Cas Smiley

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Offline StrideColossus
« Reply #3 - Posted 2014-05-07 20:05:55 »

As previous posters have already suggested, divide your 'world' into chunks and create some sort of service or facade that loads chunks as required on the fly.

Some other things you might want to consider adding to this idea:

- caching: as the user moves around you will loading new chunks into memory (on a background thread) and discarding stale chunks, this is essentially a cache.  If your cache is slightly larger than the extent of your world you can retain chunks even though they are not currently in view since they are likely to be needed again due to locality (i.e. user will move back).  When you do need to discard from the cache (you will need to apply some sort of limit(s)) you could use an LRU algorithm, or distance to user, or cost-to-load, some combination of these, etc.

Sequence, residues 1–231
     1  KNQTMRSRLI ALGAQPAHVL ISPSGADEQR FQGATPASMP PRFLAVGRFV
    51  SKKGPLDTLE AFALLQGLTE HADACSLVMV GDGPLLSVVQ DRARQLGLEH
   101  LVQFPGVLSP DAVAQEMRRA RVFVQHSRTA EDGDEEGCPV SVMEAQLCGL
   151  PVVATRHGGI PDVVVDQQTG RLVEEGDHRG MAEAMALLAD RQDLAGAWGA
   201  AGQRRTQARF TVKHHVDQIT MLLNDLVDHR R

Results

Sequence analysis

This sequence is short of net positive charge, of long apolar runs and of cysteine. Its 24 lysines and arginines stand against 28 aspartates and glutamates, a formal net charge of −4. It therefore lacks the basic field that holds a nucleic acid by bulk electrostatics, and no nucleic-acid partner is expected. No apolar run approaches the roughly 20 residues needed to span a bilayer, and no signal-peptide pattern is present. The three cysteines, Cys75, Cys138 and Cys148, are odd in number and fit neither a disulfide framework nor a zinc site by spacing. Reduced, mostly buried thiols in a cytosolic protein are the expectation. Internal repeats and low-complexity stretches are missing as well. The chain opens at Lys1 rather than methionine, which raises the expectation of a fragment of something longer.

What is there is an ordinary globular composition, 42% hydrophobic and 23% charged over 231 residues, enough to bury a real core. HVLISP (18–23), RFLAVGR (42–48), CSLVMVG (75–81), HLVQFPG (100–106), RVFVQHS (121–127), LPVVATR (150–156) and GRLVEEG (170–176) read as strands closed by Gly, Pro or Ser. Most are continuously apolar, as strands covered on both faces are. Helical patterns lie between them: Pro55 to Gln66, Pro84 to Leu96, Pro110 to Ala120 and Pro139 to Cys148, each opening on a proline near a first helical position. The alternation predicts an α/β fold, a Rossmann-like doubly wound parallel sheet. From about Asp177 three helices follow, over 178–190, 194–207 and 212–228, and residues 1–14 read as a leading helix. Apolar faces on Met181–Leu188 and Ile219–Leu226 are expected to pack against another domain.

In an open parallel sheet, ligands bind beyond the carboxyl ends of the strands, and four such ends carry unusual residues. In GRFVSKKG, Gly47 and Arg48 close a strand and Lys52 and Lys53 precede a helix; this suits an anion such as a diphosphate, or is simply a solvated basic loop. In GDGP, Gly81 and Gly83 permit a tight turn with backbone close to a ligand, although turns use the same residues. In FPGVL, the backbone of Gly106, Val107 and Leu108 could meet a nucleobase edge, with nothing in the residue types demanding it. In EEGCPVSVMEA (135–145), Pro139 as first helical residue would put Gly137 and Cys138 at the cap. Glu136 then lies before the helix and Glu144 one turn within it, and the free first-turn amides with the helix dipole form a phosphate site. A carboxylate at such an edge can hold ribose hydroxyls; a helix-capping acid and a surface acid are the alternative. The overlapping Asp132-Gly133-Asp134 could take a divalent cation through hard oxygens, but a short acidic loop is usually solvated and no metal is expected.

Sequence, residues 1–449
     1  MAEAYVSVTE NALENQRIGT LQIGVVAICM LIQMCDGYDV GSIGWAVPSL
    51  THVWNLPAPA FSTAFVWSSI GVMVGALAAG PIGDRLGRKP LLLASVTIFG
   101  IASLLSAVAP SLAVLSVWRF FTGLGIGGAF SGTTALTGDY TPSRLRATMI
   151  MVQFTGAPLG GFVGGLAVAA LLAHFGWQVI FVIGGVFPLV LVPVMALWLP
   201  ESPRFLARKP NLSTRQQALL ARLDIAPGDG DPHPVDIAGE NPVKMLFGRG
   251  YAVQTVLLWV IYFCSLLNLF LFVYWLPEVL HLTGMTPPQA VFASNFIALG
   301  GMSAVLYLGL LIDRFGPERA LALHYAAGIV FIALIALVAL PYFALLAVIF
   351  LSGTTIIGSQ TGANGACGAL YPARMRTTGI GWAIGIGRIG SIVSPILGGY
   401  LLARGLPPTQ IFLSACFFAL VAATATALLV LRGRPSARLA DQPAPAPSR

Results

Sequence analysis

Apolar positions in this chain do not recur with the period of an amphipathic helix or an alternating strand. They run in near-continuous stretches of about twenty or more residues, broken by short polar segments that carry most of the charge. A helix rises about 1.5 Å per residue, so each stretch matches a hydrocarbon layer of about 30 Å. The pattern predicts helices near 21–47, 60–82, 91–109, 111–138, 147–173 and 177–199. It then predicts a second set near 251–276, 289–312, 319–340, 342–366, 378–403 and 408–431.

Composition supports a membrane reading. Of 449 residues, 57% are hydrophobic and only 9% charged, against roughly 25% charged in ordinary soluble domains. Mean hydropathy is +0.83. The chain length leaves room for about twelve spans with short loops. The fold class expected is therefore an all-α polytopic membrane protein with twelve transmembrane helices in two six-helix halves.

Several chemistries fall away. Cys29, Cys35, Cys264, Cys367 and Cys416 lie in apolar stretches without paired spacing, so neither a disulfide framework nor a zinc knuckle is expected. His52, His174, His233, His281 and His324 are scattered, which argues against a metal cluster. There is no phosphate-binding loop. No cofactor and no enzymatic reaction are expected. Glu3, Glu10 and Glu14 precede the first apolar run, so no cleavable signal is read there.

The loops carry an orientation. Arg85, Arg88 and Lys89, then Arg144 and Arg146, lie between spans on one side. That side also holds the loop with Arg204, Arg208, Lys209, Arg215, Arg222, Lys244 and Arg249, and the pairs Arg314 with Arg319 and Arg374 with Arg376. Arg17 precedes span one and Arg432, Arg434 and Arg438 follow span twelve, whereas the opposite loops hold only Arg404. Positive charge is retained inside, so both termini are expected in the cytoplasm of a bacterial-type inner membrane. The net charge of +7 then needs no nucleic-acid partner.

- pre-loading: similar to the above, you could pre-load chunks that the user is likely to see soon, e.g. you display (say) all chunks within 3 units-of-distance from the user, but you load all chunks to a radius of 5, or load the ones in the direction the user is facing, or some such algorithm.

- LOD (level of detail): not sure if this is relevant to your game, but if you are (for example) rendering a 3D environment the more distant chunks do not need to be at the maximum LOD.  Therefore you can load less detailed data / textures initially and progressively load more detailed data as the user gets closer.

Just some thoughts to consider.

- stride
Offline Roquen

JGO Kernel


Medals: 518



« Reply #4 - Posted 2014-05-07 20:06:03 »

My advice is to makes some some small games first.
Offline princec

« JGO Spiffy Duke »


Medals: 1059
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« Reply #5 - Posted 2014-05-07 20:40:40 »

Oh yes, and that Smiley

For yours and everyone else's sanity, please, please make Space Invaders first.

Cas Smiley

Offline Mac70